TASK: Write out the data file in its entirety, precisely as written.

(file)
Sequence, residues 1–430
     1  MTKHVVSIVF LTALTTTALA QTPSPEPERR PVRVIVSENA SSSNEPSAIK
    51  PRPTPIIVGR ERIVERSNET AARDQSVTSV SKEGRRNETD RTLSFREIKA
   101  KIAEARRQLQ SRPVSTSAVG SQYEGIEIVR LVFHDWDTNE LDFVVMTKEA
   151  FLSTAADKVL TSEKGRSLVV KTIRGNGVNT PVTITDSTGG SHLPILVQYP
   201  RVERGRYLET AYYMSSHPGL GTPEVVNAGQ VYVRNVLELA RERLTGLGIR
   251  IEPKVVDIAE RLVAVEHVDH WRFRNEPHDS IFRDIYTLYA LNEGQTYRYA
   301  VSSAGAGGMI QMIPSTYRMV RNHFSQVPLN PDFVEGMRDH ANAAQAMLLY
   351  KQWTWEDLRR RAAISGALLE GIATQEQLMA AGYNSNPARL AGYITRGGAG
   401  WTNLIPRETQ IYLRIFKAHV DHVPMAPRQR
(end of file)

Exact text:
Sequence, residues 1–430
     1  MTKHVVSIVF LTALTTTALA QTPSPEPERR PVRVIVSENA SSSNEPSAIK
    51  PRPTPIIVGR ERIVERSNET AARDQSVTSV SKEGRRNETD RTLSFREIKA
   101  KIAEARRQLQ SRPVSTSAVG SQYEGIEIVR LVFHDWDTNE LDFVVMTKEA
   151  FLSTAADKVL TSEKGRSLVV KTIRGNGVNT PVTITDSTGG SHLPILVQYP
   201  RVERGRYLET AYYMSSHPGL GTPEVVNAGQ VYVRNVLELA RERLTGLGIR
   251  IEPKVVDIAE RLVAVEHVDH WRFRNEPHDS IFRDIYTLYA LNEGQTYRYA
   301  VSSAGAGGMI QMIPSTYRMV RNHFSQVPLN PDFVEGMRDH ANAAQAMLLY
   351  KQWTWEDLRR RAAISGALLE GIATQEQLMA AGYNSNPARL AGYITRGGAG
   401  WTNLIPRETQ IYLRIFKAHV DHVPMAPRQR